You can do either. If you have dusty conditions, greaseless gets great reviews. I like mine quiet and kinda tight, so I did grease. Maybe next time I service it, might consider greaseless. That Yamaha grease has been discontinued, so get it while you can! Although, popular opinion is that any grease will work. High molly is recommended.
 

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Discussion Starter · #9 ·
Man… you just go straight for the most polarizing question. Next up “ethanol, or non-ethanol” Hahaha!!!
You can do either. If you have dusty conditions, greaseless gets great reviews. I like mine quiet and kinda tight, so I did grease. Maybe next time I service it, might consider greaseless. That Yamaha grease has been discontinued, so get it while you can! Although, popular opinion is that any grease will work. High molly is recommended.
well, thanks for your reply- since I typed that Q, I called a very knowledgeable tech man at EPI and he said about grease or no grease..........ready......?....... OEM and EPI rollers are designed for MUST USE GREASE! why? he said if you want to go greaseless, the rollers must be designed to withstand the higher temperatures associated with going greaseless. So, OEM and EPI rollers must be greased. If U want to go greaseless, you must buy rollers specifically designed to withstand higher operating temperatures vs the OEM grease type. that is what he said and who am I to dispute him ...he works at EPI and he sounded like he knew his stuff......I dunno, if I do decide to go down 7-8 grams, I will use that $$$$ ultramatic stuff since I am picking up a tub of it this week. He has 2 left there. If Yamaha discontinued having it made for them to sell as Ultramatic Grease, what is their plan "B" Surely all the Yamaha shops have to use something ? I sure don't want to spend all day calling a dozen of them at random asking what they use on primary rollers..... I did call one and they said they use a BelRay product. You would think a simple grease question would not explode in such dialogue.....UGH!! Brian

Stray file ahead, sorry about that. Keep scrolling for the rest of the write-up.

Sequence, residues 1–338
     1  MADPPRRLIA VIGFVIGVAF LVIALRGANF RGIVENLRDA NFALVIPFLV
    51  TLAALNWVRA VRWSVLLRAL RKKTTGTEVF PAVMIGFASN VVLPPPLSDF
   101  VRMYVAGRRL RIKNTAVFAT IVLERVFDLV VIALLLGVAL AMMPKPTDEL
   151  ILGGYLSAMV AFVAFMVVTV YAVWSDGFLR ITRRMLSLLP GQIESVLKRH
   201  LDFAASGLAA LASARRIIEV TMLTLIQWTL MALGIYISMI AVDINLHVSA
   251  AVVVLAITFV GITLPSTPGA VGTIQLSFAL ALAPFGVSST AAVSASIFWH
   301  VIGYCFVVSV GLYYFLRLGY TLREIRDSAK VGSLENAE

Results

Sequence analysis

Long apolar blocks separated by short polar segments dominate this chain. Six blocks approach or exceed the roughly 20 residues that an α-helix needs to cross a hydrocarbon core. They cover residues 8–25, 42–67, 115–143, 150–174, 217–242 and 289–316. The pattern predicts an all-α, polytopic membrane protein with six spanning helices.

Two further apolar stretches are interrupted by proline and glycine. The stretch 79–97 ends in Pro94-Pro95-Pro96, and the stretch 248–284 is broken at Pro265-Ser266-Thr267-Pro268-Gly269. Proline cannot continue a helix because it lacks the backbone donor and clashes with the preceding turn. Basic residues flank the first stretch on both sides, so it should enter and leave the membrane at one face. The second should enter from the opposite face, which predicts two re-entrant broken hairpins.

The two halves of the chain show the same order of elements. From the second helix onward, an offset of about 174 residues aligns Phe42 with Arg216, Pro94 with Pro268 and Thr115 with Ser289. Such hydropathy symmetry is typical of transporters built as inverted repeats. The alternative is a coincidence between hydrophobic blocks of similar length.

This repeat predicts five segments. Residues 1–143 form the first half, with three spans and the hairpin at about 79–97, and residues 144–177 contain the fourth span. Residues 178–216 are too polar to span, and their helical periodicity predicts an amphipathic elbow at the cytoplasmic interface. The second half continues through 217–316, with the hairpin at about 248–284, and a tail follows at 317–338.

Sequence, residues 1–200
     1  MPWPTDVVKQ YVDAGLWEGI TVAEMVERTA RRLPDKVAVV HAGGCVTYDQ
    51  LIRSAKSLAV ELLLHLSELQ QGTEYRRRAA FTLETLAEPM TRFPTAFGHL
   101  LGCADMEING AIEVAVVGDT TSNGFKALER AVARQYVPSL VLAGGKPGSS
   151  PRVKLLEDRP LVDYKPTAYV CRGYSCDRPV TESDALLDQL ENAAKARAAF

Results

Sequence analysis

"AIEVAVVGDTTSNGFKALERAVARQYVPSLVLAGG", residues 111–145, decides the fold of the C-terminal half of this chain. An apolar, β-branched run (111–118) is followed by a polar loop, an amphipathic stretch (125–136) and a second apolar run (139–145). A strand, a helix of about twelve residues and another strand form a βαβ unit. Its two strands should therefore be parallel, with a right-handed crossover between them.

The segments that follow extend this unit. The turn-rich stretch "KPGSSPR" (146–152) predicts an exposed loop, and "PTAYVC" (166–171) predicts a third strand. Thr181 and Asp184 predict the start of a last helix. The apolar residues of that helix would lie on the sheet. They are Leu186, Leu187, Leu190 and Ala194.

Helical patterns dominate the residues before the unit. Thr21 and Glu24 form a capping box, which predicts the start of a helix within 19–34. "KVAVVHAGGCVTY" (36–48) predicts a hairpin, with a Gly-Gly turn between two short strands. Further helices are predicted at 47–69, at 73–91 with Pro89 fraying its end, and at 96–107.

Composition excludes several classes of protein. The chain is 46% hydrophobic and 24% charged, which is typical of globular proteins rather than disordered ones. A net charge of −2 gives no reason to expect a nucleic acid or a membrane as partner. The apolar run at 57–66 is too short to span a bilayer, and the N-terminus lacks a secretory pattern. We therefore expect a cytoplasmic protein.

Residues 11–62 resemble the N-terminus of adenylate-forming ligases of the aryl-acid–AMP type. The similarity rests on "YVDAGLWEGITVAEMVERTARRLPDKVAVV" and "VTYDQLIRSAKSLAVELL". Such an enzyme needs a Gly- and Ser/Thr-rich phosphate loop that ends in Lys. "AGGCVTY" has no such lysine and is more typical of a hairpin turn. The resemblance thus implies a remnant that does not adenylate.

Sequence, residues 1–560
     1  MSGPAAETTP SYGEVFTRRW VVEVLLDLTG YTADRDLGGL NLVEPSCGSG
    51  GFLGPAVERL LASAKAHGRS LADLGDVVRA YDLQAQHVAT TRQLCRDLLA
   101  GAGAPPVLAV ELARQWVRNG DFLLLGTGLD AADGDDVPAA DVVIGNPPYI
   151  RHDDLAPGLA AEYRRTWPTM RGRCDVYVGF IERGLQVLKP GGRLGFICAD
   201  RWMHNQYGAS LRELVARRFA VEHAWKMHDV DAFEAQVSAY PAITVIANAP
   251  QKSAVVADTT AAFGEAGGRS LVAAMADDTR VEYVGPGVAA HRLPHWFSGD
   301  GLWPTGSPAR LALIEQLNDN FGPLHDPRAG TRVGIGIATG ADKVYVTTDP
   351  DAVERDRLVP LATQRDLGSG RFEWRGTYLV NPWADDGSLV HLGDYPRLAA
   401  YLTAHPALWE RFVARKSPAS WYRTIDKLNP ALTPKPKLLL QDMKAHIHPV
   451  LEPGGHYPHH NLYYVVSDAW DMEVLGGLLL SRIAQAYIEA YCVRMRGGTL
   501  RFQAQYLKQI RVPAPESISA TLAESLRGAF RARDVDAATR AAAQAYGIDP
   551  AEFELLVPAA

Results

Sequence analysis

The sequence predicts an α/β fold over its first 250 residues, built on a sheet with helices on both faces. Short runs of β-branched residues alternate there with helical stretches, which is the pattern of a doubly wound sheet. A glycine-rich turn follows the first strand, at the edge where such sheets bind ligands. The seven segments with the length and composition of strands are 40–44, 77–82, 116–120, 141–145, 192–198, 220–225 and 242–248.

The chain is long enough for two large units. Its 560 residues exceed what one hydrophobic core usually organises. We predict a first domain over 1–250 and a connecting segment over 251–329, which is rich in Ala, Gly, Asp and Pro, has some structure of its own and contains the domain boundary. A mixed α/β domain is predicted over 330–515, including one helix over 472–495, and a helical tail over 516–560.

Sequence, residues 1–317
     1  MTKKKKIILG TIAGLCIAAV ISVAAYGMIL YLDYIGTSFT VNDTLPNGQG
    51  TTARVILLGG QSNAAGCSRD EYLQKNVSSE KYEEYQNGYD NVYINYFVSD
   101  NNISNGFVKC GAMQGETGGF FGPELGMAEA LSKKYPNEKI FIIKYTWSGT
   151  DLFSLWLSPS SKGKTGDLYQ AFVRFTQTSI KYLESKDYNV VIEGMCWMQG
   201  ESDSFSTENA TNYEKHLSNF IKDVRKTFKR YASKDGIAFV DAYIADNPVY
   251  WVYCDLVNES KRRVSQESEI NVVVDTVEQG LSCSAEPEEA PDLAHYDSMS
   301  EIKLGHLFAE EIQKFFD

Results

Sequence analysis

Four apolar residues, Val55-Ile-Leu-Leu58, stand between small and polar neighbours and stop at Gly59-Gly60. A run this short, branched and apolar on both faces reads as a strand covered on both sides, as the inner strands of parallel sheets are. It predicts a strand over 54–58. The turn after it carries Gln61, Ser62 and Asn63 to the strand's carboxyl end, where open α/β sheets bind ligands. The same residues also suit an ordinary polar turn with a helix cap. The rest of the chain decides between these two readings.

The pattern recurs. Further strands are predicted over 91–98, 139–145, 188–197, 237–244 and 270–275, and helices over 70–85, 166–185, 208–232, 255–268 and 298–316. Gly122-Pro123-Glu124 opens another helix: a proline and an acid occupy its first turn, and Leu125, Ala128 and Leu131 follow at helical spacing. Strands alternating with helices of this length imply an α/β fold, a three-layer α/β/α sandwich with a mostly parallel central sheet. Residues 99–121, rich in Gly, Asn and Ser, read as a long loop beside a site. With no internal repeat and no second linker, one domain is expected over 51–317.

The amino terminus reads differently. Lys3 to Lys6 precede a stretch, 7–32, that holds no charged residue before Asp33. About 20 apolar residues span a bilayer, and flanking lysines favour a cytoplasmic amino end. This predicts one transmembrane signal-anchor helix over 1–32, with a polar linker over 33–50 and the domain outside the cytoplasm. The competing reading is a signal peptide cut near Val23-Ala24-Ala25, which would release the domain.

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Well, you certainly won’t go wrong by keeping grease. I haven’t heard that temperature explanation before. But I’m happy with grease in mine, so no worries. A senior member is going to chime in here and argue for greaseless.
 

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well, thanks for your reply- since I typed that Q, I called a very knowledgeable tech man at EPI and he said about grease or no grease..........ready......?....... OEM and EPI rollers are designed for MUST USE GREASE! why? he said if you want to go greaseless, the rollers must be designed to withstand the higher temperatures associated with going greaseless. So, OEM and EPI rollers must be greased. If U want to go greaseless, you must buy rollers specifically designed to withstand higher operating temperatures vs the OEM grease type. that is what he said and who am I to dispute him ...he works at EPI and he sounded like he knew his stuff......I dunno, if I do decide to go down 7-8 grams, I will use that $$$$ ultramatic stuff since I am picking up a tub of it this week. He has 2 left there. If Yamaha discontinued having it made for them to sell as Ultramatic Grease, what is their plan "B" Surely all the Yamaha shops have to use something ? I sure don't want to spend all day calling a dozen of them at random asking what they use on primary rollers..... I did call one and they said they use a BelRay product. You would think a simple grease question would not explode in such dialogue.....UGH!! Brian